Your Guide to Baby's Vision and Hearing

Parents' To-Dos

Time for an Eye Exam

By age 3, both the American Academy of Pediatrics and the American Academy of Pediatric Ophthalmologists recommend formal vision screening using charts to help identify vision impairment. This will take place in your pediatrician's office, but if there are any special concerns or a strong family history of eye or visual problems, it's a good idea to visit an ophthalmologist.

During the preschool years, in addition to checking the visual acuity of each eye using eye charts for young children, your doctor will be looking for weakness of one of the eye muscles. It is very important to identify and treat this condition early with patching of the good eye to force the weaker eye to work harder. If treatment occurs before age 5 or 6, it can prevent a form of blindness in the weak eye called amblyopia (also known as lazy eye).

Safeguarding Baby's Sight

The best thing you can do to protect your baby's vision is to protect her eyes. Be careful when baby proofing: pad sharp edges on furniture, and keep sharp objects or toys away from your child. Also have your baby wear sunglasses with UV protection when she's in the sun. When your child gets older and plays sports, make sure she wears protective eye gear.

Hearing Loss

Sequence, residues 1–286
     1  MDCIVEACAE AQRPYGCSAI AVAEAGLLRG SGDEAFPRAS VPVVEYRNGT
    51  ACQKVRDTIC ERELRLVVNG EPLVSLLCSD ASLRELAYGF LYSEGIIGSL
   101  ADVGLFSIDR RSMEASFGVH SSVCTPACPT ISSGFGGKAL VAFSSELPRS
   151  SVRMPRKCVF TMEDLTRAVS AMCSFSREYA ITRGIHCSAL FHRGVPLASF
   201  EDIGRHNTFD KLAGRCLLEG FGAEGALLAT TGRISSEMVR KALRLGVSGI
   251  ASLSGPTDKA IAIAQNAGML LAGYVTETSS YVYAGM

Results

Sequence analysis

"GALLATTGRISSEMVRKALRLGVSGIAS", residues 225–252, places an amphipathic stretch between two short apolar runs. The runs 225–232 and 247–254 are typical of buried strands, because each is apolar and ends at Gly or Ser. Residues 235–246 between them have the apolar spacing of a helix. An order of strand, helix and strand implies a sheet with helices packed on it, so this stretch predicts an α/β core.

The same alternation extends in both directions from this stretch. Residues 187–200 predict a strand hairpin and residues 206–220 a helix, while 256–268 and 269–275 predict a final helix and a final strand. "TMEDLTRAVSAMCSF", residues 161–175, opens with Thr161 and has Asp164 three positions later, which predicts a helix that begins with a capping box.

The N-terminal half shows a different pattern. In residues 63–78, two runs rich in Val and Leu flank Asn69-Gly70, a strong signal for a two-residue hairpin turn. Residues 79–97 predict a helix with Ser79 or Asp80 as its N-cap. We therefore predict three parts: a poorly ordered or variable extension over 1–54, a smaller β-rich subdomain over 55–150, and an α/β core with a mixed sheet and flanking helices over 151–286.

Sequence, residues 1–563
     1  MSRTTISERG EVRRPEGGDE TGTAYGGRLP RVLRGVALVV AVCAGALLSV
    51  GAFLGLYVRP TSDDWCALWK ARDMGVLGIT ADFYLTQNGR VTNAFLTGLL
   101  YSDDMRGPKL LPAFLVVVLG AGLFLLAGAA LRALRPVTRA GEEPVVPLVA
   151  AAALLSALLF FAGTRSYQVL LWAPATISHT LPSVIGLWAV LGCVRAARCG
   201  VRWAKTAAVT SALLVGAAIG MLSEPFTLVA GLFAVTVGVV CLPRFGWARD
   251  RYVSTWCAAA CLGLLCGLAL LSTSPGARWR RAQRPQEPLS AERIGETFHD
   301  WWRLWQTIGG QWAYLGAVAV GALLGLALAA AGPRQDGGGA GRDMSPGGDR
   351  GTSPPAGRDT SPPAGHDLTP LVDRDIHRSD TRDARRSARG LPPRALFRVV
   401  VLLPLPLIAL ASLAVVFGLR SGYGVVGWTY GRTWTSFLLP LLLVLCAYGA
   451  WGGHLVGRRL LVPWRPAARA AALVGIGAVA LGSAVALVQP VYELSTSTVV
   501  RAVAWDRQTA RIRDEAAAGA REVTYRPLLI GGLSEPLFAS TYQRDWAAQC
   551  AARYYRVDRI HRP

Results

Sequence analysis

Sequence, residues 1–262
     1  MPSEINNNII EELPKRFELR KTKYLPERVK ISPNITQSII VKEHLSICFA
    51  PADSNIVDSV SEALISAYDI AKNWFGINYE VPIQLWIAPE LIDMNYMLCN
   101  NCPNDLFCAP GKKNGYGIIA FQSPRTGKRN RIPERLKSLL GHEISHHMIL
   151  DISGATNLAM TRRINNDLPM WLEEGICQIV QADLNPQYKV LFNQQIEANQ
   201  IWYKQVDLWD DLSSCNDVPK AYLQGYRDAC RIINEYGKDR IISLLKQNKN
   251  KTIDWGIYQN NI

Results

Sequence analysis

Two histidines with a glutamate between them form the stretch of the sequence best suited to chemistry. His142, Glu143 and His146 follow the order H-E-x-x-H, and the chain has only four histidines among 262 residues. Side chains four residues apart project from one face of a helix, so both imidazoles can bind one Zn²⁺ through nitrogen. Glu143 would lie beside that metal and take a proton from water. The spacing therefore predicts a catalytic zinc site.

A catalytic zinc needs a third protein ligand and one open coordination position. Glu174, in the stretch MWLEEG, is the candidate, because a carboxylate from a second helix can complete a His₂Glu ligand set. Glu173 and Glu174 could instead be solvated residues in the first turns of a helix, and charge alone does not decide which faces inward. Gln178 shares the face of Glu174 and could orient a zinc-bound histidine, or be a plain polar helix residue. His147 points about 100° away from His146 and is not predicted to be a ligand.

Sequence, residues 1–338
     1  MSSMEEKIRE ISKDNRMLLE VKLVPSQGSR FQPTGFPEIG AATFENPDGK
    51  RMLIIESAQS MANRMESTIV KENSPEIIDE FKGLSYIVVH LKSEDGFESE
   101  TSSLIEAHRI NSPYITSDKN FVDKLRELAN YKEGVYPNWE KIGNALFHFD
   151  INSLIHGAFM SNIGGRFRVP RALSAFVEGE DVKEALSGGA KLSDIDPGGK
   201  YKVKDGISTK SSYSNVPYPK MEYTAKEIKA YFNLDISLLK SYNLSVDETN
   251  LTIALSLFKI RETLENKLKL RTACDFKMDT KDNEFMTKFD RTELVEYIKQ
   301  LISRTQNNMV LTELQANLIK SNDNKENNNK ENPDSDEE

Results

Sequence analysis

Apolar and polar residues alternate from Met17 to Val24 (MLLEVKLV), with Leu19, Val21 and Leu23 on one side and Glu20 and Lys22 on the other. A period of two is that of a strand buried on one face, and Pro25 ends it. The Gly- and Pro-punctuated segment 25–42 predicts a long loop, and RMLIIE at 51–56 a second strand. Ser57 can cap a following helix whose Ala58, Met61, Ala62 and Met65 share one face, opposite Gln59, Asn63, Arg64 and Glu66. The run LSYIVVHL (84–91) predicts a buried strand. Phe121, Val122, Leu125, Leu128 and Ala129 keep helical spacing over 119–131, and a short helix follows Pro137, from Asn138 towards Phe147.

Profound hearing loss is found in 1 to 6 children out of every 1,000 births, and the number of infants with less severe hearing loss is probably higher. Fortunately, most states have mandated universal hearing screening for all newborns. Check with your hospital to make sure that this screening is being done. If it isn't performed routinely in your state, ask your pediatrician what your options are. This is important because we now have clear evidence that early treatment with hearing aids (they can be used as early as when a baby is a few weeks old) and cochlear implants (which can be surgically implanted at 1 year) will improve the outcome of hearing and speech for many babies with hearing impairment and even profound deafness.

If your baby fails the otoacoustic emissions (OAE) screening, which uses a probe to measure acoustic signals generated in the inner ear, he doesn't necessarily have a hearing problem. In this instance, your pediatrician will refer you to an audiologist, who will use an auditory brainstem response (ABR) test to assess how sound is transferred from the inner ear to the brain. When OAE is followed by ABR, there are fewer false-positive results.

Mary Ann LoFrumento, MD, is an attending physician at Goryeb Children's Hospital, in Morristown, New Jersey, and the founder of simplyparenting.com.

Originally published in American Baby magazine, February 2007.

All content here, including advice from doctors and other health professionals, should be considered as opinion only. Always seek the direct advice of your own doctor in connection with any questions or issues you may have regarding your own health or the health of others.

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